1324: An entry in the Jornal de la Chambre of King Edward II shows a pence a day paid to one "Robyn Hod" for service to the King. Shown is a detail from "Robin and the Tinker at the Blue Boar Inn" by Howard Pyle, from his The Merry Adventures of Robin Hood of Great Renown, in Nottinghamshire (New York: C. Scribner's Sons, 1883).

1599: Oliver Cromwell is born.

1846: A scouting party of US soldiers under the command of Captain Seth Thornton is attacked at el Rancho de Carricitos, about twenty miles from Fort Texas (later Brownsville). US President Polk takes advantage of this incident to declare war on Mexico. See The US-Mexican War, also April 11.

1898: April 25 is a great day for declaring war. This time war is declared on Spain.


April 26


mr. hopper

1564: William Shakespeare is baptized in the parish church at Stratford-On-Avon.

1731: Daniel Defoe dies in London, where he is hiding from creditors.

1865: John Wilkes Booth is shot dead near Bowling Green, Virginia.

1877: Minnesota declares a day of prayer for deliverance from the grasshopper.

1848: Alfred Russell Wallace and Henry Walter Bates sail from Liverpool for the Amazon. Over years of research there they would indepedently of Darwin develop a theory of natural selection,

1986: In Pripet, Russia, the Chernobyl nuclear plant explodes, causing the death of untold numbers of people. How many people have really been killed by Chernobyl? (Mary Mycio in


April 27


ralph waldo emerson

1174: According to Andreas Capellanus's treatise on courtley love, De Amore (one of Chaucer's sources for the Canterbury Tales), Marie de Champagne was asked to arbitrate questions of love, notably whether romantic love is possible between a man and wife. On this date, she sends her reply in a formal letter: "No."
      Armed with such information, De Amore gives us the following rules of love:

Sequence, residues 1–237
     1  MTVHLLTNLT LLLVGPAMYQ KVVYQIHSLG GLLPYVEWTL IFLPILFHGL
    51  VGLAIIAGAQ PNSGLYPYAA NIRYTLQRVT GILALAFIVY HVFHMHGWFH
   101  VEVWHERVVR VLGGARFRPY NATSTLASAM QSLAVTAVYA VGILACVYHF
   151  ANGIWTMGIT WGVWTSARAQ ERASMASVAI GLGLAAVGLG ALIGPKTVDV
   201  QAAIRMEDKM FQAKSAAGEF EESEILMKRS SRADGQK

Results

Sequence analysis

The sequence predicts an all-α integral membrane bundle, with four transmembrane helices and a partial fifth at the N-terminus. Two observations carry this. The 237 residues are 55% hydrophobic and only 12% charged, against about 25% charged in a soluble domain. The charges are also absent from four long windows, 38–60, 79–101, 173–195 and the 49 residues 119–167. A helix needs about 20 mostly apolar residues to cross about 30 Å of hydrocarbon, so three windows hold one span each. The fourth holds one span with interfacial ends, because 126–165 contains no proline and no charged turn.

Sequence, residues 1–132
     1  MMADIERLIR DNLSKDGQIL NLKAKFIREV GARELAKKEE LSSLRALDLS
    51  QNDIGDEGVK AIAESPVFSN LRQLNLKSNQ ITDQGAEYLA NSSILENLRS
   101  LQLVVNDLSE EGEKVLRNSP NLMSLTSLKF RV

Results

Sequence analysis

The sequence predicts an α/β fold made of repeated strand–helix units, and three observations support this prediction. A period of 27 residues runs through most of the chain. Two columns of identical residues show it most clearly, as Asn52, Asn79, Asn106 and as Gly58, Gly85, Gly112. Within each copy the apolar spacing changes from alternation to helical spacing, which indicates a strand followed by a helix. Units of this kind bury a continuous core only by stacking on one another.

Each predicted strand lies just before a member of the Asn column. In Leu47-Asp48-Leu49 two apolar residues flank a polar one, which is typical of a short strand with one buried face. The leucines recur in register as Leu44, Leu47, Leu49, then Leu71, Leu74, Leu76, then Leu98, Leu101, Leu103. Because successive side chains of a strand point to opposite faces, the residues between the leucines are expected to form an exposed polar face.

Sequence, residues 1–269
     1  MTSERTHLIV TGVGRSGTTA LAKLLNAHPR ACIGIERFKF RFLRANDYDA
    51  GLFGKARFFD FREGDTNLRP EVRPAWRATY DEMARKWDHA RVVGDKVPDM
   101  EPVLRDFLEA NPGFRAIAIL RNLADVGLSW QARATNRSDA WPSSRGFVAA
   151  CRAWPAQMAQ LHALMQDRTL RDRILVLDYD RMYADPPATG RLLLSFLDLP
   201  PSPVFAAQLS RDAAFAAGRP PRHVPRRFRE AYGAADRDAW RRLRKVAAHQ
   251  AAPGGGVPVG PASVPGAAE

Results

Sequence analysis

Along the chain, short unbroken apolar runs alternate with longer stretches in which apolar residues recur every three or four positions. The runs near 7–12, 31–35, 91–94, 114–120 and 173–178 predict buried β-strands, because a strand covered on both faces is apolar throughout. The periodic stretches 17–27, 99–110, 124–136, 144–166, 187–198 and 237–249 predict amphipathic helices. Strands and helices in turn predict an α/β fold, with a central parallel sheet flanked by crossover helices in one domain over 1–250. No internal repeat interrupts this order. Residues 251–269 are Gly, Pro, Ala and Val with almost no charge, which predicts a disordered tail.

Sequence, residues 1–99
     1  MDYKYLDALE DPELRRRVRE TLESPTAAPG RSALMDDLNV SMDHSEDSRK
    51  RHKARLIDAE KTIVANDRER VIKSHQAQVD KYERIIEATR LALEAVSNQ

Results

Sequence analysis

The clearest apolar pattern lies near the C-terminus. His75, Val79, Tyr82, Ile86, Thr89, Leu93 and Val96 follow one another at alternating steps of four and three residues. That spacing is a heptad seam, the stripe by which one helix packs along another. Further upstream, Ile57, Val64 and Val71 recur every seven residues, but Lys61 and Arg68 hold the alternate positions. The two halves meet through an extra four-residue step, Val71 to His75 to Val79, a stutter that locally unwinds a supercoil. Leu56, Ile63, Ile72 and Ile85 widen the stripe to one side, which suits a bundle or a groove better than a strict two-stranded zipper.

The Rules of Love

      1. Marriage is no excuse for not loving.
      2. He who is not jealous can not love.
      3. No one can be bound by two loves.
      4. Love is always growing or diminishing.
      5. It is not good for one lover to take anything against the will of the other.
      6. A male cannot love until he has fully reached puberty.
      7. Two years of mourning for a dead lover are prescribed for surviving lovers.
      8. No one should be deprived of love without a valid reason.
      9. No one can love who is not driven to do so by the power of love.
      10. Love always departs from the dwelling place of avarice.
      11. It is not proper to love one whom one would be ashamed to marry.
      12. The true lover never desires the embraces of any save his lover.
      13. Love rarely lasts when it is revealed.
      14. An easy attainment makes love contemptible; a difficult one makes it more dear.
      15. Every lover turns pale in the presence of his beloved.
      16. When a lover suddenly has sight of his beloved, his heart beats wildly.
      17. A new love expells an old one.
      18. Moral integrity alone makes one worthy of love.
      19. If love diminishes, it quickly leaves and rarely revives.
      20. A lover is always fearful.
      21. True jealousy always increases the effects of love.
      22. If a lover suspects another, jealousy and the efects of love increase.
      23. He who is vexed by the thoughts of love eats little and seldom sleeps.